This is Lucy. How are you today?
Oh hai Lucy. I’m doing fine. You?
(pause) Hi. Thanks for asking. I was wondering if you might a few minutes to answer some questions for me; we’re giving away a free wireless home security system.
Um. Sure. What can I answer for you?
Do you own your home?
Great you qualify for an upgrade to your home’s…
Lucy, why do you sound like a robot?
I’m not a robot, why would you say that? I’m a person. Anyway let’s go back to our questionnaire. Do you currently have a home security system?
Before I give you all of this information, tell me a bit about you.
(pause) What would you like to know?
Well, what kind of movies do you like?
(pause) I know you’re busy, so I want to make sure we keep moving along.
Just give me one movie you like. Don’t hang up.
I’m not hanging up. I’m here.
Do you get calls like the one above that sound slightly robotic but always deny their robot-ness?
The robots are not coming, they’re already here. They’re just not sentient…yet. We don’t have to worry about Skynet in our lifetime, but two questions remain: Will robots take our jobs? Or for those that stay employed: Are humans expendable?
Employers are starting to understand that sitting at a desk pressing buttons all day won’t lead to groundbreaking work. By experiencing new things and interacting with new people, new ideas are injected into an organization. We can then boil these new ideas into a set of finite instructions, which is the perfect input for the robot army. They will infinitely outperform humans physically, computationally and vigorously in these mechanical rote tasks. So where should we be utilizing humans instead of robots? Where does humanity stand a shot against the impending robot invasion?
Creativity is a simple answer here. Humans are good at thinking outside of the box: seeing connections when they are not there . In other words, humans are good at seeing the big picture. It’s the ancillary silos of industry that spark creativity and innovation. Having biologists solve chemistry problems, ballet dancers show football players the best way to “dance” the line, and theater actors work with Fortune 500 CEOs to reveal their humanity are a few things that bots aren’t able to think of. Entrepreneurs that can utilize old solutions to solve new problems or that can magically see the future won’t be replaced any time soon. And pushing the envelope into the unknown is still something that only humans do.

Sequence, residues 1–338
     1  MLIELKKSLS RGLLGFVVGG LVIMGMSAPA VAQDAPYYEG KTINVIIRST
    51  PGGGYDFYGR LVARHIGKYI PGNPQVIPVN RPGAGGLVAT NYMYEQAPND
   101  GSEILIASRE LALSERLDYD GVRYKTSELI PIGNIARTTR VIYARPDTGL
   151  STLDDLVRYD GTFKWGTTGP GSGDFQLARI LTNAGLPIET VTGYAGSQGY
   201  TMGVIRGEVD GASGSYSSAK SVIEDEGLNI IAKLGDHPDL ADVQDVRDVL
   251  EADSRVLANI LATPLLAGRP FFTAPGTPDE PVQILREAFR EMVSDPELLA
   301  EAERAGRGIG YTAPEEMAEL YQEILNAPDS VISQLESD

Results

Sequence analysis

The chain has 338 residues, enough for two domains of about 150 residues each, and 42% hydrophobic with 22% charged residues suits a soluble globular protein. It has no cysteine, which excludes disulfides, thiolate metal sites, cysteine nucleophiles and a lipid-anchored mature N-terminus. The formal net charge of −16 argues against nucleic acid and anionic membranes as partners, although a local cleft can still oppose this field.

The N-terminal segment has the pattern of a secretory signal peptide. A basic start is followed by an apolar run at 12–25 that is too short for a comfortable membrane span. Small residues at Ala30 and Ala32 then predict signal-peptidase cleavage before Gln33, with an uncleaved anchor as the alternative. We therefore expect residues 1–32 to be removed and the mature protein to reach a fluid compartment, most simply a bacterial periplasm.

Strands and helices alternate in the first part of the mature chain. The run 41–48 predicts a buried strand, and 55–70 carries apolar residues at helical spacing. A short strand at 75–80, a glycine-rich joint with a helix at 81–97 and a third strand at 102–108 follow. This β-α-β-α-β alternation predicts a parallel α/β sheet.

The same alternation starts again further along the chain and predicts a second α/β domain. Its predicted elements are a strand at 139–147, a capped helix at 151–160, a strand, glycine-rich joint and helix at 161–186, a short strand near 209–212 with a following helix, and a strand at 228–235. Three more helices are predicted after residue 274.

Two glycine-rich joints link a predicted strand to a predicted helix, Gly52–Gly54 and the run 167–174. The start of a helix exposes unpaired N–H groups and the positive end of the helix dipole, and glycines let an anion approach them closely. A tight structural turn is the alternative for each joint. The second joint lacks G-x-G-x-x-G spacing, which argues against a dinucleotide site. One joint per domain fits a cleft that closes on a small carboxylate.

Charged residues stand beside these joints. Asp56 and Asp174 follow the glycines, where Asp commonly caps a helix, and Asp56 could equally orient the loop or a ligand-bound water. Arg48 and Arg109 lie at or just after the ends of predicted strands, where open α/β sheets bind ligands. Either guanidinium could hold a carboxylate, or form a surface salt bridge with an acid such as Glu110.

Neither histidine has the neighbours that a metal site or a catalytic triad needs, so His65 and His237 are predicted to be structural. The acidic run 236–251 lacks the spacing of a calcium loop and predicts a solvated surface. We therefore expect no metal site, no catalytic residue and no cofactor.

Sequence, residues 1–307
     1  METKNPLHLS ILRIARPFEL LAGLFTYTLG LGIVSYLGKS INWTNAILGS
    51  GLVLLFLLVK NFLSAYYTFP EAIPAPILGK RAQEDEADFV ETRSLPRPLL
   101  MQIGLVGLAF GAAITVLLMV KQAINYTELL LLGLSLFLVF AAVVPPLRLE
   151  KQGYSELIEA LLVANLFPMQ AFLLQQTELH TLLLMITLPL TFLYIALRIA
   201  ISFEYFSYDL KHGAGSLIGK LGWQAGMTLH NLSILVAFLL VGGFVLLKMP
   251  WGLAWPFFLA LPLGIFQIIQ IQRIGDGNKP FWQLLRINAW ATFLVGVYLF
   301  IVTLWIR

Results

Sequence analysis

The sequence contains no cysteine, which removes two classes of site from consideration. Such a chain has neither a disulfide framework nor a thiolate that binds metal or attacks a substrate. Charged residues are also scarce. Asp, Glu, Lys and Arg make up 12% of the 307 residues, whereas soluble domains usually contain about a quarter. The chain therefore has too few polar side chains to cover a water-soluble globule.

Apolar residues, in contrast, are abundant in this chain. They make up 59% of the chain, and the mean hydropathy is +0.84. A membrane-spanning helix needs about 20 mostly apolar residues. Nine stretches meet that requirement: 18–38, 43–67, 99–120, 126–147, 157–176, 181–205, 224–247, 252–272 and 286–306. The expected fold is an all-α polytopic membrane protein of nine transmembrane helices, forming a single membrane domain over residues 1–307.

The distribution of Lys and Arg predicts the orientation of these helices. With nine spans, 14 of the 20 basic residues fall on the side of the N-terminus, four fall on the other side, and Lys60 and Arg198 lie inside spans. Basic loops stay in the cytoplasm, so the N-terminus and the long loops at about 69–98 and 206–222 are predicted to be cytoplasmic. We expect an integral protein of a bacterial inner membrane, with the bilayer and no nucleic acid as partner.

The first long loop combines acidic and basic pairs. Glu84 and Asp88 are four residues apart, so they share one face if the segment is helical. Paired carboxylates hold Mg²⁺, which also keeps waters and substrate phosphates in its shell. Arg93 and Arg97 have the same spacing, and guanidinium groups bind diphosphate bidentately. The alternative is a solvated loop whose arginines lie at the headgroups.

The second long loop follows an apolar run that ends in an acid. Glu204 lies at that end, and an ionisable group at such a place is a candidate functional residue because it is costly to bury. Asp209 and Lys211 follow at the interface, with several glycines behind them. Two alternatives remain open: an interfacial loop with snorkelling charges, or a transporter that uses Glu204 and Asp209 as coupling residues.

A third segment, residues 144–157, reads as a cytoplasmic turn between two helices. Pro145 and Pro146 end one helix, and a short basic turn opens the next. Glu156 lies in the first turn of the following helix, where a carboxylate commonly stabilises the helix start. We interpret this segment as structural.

However, bots are slowly creeping up on us. Utilizing related word searches, bots can find alternative interpretations of your sentence and figure out what you really meant. Sometimes bots can figure out creative ways to do what we may believe to be impossible. Flying robots, as Dr. Vijay Kumar from University of Pennsylvania’s School of Engineering and Applied Science shows in this video, are programed to figure things out. As seen in the video, a bot needs to fly through the door with a payload that is attached to it. It quickly realizes that its total height, plus the payload, is too long for the actual height of the door. Within minutes, and a bit of trial and error, the bot realizes that it can fly through the door by dropping the payload off first and then flying itself through. That’s creativity for you.
Creative success is not always the same as commercial success—and the bots can help us figure out elements in what might be commercial success (the Oscar winner and highest grossing movie are usually different). For example, David Cope from UC Santa Cruz has a robot named Annie that he trains with the masters of classical music. Her compositions cannot be distinguished from those of humans. In other words, bots are good at knowing the rules of the game, and figuring out ways to bend them or to find the optimal moves. But humans can still figure out new games to play, like combining the fields of radio-frequency identification (RFID) technology with medicine in the company, Kitcheck, or creating a movie like Inception as opposed to another superhero sequel.